A publication of Work On Waste USA, Inc., 82 Judson, Canton, NY 13617 315-379-9200 September 1992
Standards for Acceptable Daily Intake (ADI)
Micrograms of mercury per kilogram of weight per day of exposure = ug/kg/day.
U.S. EPA = 0.3 ug/kg/day (EPA has recently withdrawn this standard for re-evaluation)
New Jersey: proposed = 0.07 ug/kg/day
ATSDR*: proposed = 0.04 ug/kg/day
* Agency for Toxic Substances and Disease Registry of the U.S. Department of Health and Human Services. While the US EPA sets standards the ATSDR proposes minimum risk levels to the EPA. The ATSDRs Draft Toxicological Profile on Mercury is available by written request to: ATSDR, Division of Toxicology, 1600 Clifton Road NE, Mail Stop E-29, Atlanta, GA 30333. Fax requests acceptable. Fax to: Suzie Tucker, ATSDR, Fax #: 404-639-6315.
** There is evidence to indicate neurologic development damage to infants who are exposed in utero through maternal ingestion. The current EPA RfD may not be protective against the occurrence of these effects...
** Based on probablistic calculations using national population data (i.e. fish consumption and methylmercury levels in fish) a small fraction of the New Jersey population may already be ingesting mercury in amounts which exceed the RfD established by EPA due to consumption of saltwater fish.
** If child-bearing women are already potentially at risk for fetal harm from seafood consumption alone, then it is incumbent upon the state to protect them from additional sources while simultaneously determining how to reduce exposure to current seafood mercury levels. The latter does not justify allowing additional exposure from anthropogenic sources.
** Note from Waste Not: If the State of New Jersey believes the results of their own reports then it is incumbent and imperative for the NJ Department of Health to issue a Public Health Alert so that this information is immediately and continually available to all women of child-bearing age. Unfortunately, New Jersey is proposing a technology-based-on-least-cost standard and not a health-based standard.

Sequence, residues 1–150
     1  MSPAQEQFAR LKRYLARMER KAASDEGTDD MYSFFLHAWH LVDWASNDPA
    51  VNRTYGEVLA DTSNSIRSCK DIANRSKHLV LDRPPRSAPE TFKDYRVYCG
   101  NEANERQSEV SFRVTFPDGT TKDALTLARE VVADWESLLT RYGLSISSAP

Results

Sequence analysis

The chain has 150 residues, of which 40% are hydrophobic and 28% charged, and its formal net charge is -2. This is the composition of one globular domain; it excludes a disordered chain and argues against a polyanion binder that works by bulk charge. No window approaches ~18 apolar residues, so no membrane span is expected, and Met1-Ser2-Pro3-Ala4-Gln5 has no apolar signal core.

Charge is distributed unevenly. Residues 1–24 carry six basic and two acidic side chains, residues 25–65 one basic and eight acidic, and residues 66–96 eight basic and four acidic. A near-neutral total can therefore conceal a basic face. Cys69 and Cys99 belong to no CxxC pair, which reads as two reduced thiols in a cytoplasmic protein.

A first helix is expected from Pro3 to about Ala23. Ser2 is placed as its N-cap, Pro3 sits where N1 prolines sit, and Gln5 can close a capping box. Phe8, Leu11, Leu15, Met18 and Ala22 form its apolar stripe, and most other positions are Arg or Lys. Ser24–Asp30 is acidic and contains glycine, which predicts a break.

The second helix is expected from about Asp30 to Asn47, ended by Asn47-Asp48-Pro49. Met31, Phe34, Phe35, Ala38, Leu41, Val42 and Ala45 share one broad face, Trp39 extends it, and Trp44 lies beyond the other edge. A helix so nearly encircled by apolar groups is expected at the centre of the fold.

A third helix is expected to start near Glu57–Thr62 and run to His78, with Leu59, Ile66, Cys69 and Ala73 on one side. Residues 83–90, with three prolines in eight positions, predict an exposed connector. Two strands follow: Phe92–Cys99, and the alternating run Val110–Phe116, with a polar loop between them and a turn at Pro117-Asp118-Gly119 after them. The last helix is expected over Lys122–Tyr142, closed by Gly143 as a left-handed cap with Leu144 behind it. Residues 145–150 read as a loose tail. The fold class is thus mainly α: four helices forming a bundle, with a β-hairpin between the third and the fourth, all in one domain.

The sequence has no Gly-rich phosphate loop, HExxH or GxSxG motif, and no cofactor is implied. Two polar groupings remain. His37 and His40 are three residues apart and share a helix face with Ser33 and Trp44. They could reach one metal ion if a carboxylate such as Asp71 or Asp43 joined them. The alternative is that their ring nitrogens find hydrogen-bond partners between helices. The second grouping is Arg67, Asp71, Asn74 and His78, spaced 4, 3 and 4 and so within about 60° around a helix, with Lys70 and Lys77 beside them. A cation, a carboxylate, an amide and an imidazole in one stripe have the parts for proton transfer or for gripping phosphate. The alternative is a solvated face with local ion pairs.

The N.J. Mercury Task Force was charged with developing a mercury emission standard for MSW incinerators. The Task Forces report, considered preliminary at this time, found that potential methylmercury ingestion from fish contaminated by mercury from incinerators could exceed even the N.J.-proposed Allowable Daily Intake (ADI) of .07 ug/kg/day. They also found that one of the three models they were using calculated that even with a 95% reduction in mercury emissions from MSW incinerators there would be an increase equal to 18% of the proposed New Jersey-proposed standard. Nevertheless, the Task Force recommends the .07 ADI as the health basis [sic: technology basis] for the establishment of a mercury emission standard for MSW incinerators...To accomplish this, mercury emissions from MSW incinerators should be reduced by greater than 95% of current levels...The cost of achieving the recommended level of mercury emission reductions is considered to be reasonable. Installing MSW incinerators air pollution control systems, is estimated to cost 50¢ per ton of solid waste burned. [Note: the cost for a 1,000 tpd incinerator would be $500 a day.] Thus said, the report goes on to suggest that the most effective pollution control for MSW incinerators is the use of deep carbon beds. Apparently because of the considerable capital costs of deep carbon beds, NJ recommends carbon injection.